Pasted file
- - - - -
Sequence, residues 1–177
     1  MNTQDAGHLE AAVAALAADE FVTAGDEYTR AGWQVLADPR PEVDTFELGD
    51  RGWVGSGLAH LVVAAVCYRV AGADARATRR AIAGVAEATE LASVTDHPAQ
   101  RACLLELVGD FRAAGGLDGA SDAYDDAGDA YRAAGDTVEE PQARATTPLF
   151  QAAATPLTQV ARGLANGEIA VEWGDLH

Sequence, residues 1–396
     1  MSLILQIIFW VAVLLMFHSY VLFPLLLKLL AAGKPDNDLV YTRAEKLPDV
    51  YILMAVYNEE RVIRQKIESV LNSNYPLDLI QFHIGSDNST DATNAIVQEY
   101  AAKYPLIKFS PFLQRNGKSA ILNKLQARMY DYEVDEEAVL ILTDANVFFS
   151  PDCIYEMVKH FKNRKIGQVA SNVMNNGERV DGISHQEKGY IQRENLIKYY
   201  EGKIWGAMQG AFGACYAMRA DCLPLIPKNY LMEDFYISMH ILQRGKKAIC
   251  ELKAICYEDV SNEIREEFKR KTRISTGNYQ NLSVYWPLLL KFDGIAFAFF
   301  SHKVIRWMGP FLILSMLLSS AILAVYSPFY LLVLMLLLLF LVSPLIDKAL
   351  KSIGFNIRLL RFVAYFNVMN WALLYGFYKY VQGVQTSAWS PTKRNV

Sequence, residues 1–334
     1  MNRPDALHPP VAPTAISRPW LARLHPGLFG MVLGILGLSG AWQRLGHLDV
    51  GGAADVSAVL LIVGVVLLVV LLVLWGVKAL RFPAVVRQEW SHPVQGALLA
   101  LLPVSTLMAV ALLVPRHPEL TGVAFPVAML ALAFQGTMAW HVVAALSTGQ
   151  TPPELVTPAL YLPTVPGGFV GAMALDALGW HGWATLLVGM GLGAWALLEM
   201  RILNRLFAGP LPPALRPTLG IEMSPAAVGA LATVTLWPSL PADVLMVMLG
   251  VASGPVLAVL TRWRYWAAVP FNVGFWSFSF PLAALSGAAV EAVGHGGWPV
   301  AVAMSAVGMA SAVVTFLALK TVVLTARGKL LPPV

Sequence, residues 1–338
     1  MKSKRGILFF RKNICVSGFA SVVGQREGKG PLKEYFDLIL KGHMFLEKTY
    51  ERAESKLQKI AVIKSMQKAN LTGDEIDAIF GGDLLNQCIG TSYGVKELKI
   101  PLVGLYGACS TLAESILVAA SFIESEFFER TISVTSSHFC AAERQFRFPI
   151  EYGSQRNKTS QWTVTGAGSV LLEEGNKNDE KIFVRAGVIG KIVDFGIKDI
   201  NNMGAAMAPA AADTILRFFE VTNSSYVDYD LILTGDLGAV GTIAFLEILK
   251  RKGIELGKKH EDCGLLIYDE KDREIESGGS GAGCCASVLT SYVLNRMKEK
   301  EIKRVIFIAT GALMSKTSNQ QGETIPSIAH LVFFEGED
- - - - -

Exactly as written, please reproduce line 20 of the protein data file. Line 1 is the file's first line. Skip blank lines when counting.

   201  RILNRLFAGP LPPALRPTLG IEMSPAAVGA LATVTLWPSL PADVLMVMLG